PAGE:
A few weeks ago, maybe even as more as a few months ago, I had to set the record straight with someone about what it is I do all day. This is not the first time that I’d had a conversation of this nature. I doubt it will be the last time. It was, however, the first time, I found myself explaining in precise detail the make-up of my day to an unlikely audience: my children.
The four of us were in my bathroom, the girls in various stages of having their hair done (what else is new). C was sitting on the vanity, balancing precariously on her tiny heinie so as not to fall into the sink. V was sitting on the floor, rifling through one of the three containers full of hair care products and tools, pausing every few minutes to insert a clip, a hair tie or a dollop of product into her hair. M was sitting on the stool in front of the mirror, her head flopping around on her neck with each pull of the brush through her hair. When it comes to blowing her hair dry, she gives me as much tension in her neck as a newborn bird. When she’s catching an attitude with me, that neck is so tight and her is on swivel like she was born to it. Lord, to be 10 years old. . .but that’s another story.
We ladies are in this tableau of hair care and Mommy/Daughter time, discussing this, that, and a third, when C says (and forgive me for forgetting what prompted this declaration), “Well, Daddy works much harder than you do, Mom.”
*insert record scratch*
Even M knew that C had crossed some kind of line because she sat up a little straighter, her neck got a little stiffer and she shook her head just one small, slight time in her sister’s direction like, “You done did it now.”
C’s eyes flitted from me, who had turned off the hairdryer to make sure I had heard her correctly, to M to had pursed her lips together to prevent anything from coming out, to V who was completely oblivious, before finally resting on me.
Me: I’m sorry, can you repeat that?
C: Um, well. I said that Daddy worked much harder than you?
Me: Yeah, that’s what I thought you said. What makes you say that? I’m asking because I truly want to know (and because I’m about to use everything you say against you so that you nevah evah evah EVAH string those words together in that order again).
C: Well. . .
and she proceeded to list all the ways that my husband worked harder than me.
- He works in an office.
- He travels for work. A lot.
- He works long hours.
That was it.
I put the hairdryer down on the vanity, took a deep breath and in about three seconds, ran about a dozen scenarios in my mind on how best to respond. My first thought was, “Really, little girl? You really want to dance this with me?” I may have even said that out loud — but with a smile so she knew that I wasn’t truly going to dig in her can.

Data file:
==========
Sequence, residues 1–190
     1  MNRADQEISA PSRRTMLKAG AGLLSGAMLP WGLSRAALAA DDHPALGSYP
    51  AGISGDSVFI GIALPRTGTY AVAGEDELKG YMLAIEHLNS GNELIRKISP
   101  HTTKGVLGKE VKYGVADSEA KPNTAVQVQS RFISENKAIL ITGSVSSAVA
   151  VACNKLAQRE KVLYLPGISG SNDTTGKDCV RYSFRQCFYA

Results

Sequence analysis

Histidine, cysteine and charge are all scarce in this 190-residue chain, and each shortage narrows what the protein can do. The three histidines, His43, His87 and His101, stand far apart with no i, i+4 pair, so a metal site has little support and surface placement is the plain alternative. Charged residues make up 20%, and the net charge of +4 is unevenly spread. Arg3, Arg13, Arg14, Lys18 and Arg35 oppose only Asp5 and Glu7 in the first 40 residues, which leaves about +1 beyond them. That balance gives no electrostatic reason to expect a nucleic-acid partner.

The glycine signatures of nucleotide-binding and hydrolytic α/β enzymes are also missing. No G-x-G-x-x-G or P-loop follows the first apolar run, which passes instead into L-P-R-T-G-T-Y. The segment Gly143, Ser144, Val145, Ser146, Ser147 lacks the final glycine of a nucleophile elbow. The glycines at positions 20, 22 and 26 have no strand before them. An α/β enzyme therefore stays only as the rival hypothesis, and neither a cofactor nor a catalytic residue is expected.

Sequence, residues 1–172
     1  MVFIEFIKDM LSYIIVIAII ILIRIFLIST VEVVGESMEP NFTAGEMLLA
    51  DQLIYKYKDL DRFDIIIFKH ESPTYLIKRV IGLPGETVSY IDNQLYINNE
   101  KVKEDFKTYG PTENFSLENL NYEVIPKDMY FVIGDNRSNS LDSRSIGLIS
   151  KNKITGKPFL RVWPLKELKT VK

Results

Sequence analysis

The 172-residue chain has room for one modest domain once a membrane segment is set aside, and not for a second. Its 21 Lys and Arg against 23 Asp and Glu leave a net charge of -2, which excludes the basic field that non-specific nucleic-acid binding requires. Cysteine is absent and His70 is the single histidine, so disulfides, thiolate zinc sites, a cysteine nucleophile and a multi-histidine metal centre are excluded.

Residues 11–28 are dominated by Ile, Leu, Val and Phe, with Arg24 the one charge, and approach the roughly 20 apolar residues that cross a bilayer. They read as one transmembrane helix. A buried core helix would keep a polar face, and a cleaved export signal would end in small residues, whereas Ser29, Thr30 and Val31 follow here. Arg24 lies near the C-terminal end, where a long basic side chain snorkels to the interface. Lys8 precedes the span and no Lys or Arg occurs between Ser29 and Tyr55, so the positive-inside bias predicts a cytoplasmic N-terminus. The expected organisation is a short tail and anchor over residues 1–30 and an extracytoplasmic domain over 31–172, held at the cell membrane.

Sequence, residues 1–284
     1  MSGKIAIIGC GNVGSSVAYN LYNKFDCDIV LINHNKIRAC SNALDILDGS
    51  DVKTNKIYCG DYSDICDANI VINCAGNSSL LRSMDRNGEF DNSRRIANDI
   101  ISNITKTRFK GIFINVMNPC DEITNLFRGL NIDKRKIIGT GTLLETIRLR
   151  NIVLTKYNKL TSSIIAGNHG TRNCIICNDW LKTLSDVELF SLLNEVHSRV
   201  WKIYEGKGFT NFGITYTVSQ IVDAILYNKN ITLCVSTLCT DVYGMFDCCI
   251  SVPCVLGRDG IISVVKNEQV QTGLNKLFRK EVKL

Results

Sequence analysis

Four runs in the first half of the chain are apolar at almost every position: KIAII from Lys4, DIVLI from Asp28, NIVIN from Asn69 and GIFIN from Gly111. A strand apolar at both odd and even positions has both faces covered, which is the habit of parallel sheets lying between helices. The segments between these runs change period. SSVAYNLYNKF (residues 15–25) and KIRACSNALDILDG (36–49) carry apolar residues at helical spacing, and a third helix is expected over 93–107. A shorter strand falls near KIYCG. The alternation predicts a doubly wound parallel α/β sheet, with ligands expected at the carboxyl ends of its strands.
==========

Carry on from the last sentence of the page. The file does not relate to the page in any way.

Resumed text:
“Let me tell you something,” I began, settling myself against the vanity so that I could look each of my girls in the eye as I spoke. “What I do makes it possible for Daddy to do what he does.”
And then I proceeded schooled them on the ins and outs of what it takes to keep this ship upright and on course. The list was detailed and exhaustive; I should have had them take notes. I blew up every bullet point C used as evidence, lifting the corner of the curtain for a peek at what I do that enables their father to work in an office that requires considerable travel and long hours. Not to mention, what enables them to have breakfast, lunch and dinner as well as well kept hair, clean clothes, books to read, toys to play with, and the thousand other little things that make up their lives.
Oh, and did I mention that I’m a writer and photographer? I really should have made them take notes.
Me: Just because I don’t work in an office, or travel overnight, or work “long hours” (ha! and I did use air quotes because it was totes appropes), doesn’t mean Daddy works harder than I do. We do different types of work and we work hard at whatever we put our minds to. Do you understand? Do all of you understand?
M: Yes, Mom.
C: Yes, Mom.
V: Can I have dessert?
Please don’t mistake what I have written as dissatisfaction with or ennui from being a SAHM — we all know, rarely does the SAHM stay at home. Please don’t mistake this post as a diatribe against being the parent who keeps the home fires burning. This is not a display of lack of gratitude. I am fortunate to be able to be at home with my children. I am fortunate that I can pursue areas that interest me and that I have a husband who not only encourages me to do so, but also helps me find avenues in which to do it.
He works hard.
I work hard.
It’s not a competition. There’s no me vs. him. He’s my biggest cheerleader and I’m his. It’s Team Us, and teamwork makes the dream work. Now that’s crystal clear to our girls.
I really should have made them take some notes.